I was at our elementary school a couple of weeks ago, and a student approached me.
"Dr. Ricca," he said, pulling on my pants. "Can I ask you a question?
"Of course," I responded.
"Are we going to have Community Connections today?"
You see, the day before was Wednesday, March 7. Since the previous Saturday, I had been getting weather updates from the meteorologists at the Burlington International Airport, twice a day. The updates were warning of a major Nor'easter heading our way. The timing predicted was not even remotely close to ideal, with the latest update on Tuesday night indicating a really challenging dismissal, starting with snowfall in the early afternoon.
Therefore, when the snow started to fall at 10:00 A.M. on Wednesday, March 7, three hours earlier than predicted, I immediately cancelled all after school activities, sporting events, and the Board meetings. I know an early notification for parents is incredibly helpful, as I recognize that a lack of scheduled child care is a major inconvenience for folks that depend on that.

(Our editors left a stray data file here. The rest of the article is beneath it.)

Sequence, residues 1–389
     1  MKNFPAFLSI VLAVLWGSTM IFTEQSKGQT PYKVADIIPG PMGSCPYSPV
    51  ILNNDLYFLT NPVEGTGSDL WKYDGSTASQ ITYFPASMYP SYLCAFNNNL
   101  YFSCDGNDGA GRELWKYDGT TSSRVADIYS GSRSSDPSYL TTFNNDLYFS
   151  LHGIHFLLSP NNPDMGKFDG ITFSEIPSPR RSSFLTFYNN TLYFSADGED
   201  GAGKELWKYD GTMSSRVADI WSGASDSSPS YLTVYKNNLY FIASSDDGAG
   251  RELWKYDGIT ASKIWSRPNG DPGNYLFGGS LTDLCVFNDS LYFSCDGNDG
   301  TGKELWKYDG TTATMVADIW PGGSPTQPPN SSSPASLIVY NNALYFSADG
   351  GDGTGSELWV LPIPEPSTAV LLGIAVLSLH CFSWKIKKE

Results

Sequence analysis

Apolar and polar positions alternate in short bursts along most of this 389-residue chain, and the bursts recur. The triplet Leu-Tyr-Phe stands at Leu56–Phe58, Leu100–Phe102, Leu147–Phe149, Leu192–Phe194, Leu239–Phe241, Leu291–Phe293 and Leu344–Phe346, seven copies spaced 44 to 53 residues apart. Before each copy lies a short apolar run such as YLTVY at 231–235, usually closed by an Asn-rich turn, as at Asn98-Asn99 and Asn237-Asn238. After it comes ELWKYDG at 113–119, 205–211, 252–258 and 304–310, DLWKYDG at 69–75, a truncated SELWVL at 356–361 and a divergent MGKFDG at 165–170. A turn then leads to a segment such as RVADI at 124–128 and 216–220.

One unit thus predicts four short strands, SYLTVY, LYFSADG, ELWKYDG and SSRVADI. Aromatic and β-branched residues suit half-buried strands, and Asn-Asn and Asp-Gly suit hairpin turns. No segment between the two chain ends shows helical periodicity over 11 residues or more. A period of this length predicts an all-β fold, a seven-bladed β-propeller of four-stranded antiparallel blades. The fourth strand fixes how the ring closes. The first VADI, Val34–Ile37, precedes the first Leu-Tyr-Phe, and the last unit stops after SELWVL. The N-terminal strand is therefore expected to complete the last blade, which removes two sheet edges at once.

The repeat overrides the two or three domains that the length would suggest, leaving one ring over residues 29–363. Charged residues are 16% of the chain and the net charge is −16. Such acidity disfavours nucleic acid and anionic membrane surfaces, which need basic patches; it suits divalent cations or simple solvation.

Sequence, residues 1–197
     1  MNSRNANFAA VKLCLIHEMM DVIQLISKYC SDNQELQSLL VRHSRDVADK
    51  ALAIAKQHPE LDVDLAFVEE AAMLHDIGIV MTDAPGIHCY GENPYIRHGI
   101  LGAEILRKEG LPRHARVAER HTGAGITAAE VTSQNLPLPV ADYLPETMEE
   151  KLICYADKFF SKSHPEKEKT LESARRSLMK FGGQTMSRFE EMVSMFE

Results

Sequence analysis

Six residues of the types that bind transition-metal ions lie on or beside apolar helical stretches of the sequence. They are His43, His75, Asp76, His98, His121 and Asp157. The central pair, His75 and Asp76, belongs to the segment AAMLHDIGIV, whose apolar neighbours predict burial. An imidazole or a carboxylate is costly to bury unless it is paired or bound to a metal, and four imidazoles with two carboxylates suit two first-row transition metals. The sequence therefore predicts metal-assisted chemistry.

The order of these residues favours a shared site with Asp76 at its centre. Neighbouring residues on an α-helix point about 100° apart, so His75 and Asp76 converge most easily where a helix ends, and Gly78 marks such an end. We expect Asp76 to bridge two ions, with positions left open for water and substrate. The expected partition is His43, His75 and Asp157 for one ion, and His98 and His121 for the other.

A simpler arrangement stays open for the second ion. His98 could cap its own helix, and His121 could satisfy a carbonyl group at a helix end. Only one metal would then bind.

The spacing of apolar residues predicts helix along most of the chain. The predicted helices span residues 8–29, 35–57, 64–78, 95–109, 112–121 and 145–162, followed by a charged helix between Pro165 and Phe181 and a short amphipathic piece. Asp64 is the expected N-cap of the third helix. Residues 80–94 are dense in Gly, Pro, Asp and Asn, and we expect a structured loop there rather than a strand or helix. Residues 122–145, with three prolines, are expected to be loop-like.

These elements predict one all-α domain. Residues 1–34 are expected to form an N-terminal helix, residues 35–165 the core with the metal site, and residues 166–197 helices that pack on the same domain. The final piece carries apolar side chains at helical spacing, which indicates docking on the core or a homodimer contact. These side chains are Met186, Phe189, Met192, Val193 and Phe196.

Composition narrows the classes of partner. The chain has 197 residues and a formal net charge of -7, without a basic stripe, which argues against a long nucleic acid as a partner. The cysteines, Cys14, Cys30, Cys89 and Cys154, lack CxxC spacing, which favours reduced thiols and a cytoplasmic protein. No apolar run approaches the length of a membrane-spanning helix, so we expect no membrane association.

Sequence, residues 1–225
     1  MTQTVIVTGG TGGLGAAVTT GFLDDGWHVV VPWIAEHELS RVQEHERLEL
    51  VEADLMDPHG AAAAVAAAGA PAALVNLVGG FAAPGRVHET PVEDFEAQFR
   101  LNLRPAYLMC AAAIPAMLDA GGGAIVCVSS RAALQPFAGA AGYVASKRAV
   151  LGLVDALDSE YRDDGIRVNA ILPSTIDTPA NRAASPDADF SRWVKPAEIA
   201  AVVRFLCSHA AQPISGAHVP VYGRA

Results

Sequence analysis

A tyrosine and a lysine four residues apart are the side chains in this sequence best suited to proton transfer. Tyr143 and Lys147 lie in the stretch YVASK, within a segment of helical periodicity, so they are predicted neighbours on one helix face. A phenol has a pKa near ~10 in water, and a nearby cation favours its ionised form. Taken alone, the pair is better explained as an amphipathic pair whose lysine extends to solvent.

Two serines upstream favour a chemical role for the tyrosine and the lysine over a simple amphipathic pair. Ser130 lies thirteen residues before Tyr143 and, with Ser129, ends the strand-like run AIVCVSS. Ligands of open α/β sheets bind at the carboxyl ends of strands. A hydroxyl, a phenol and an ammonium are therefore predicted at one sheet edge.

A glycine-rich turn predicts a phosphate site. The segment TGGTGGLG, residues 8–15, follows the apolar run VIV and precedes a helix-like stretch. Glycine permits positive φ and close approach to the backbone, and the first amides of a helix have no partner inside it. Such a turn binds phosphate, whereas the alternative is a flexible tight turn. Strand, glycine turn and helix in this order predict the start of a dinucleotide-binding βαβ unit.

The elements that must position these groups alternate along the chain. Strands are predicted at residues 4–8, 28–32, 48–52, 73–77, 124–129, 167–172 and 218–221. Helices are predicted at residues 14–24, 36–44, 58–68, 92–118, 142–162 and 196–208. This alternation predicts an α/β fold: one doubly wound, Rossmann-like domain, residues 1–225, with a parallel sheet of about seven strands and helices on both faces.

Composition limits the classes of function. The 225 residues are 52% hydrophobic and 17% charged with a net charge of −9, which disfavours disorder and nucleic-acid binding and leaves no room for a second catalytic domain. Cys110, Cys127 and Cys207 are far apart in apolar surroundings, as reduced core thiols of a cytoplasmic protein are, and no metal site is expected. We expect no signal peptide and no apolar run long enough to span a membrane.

I leaned down to my Little Friend, looked him right in the eye and said, "Wow, that was a bad decision that I made yesterday, wasn't it?"
He looked me right back in the eye and said brightly, "Yeah it sure was! I love going to Community Connections!"
When I was growing up, I had this sense that adults always had the answers, because in a sense, that's how it was presented to me. Teachers were the keepers of the content and if there wasn't a family friend or an acquaintance that was interested in something that I was passionate about, and if it wasn't in the World Book Encyclopedias in my parents' living room, I was out of luck.
These days, teachers are no longer the keepers of the content and we are working on more than just identifying when the War of 1812 took place. We emphasize transferrable skills, formative evaluations, and the importance of relationships. A huge part of being in a relationship is being able to admit when you're wrong.
Don't worry, I get a chance to do that plenty - as a Husband, as a Daddy, and as a Superintendent. I hope you do too.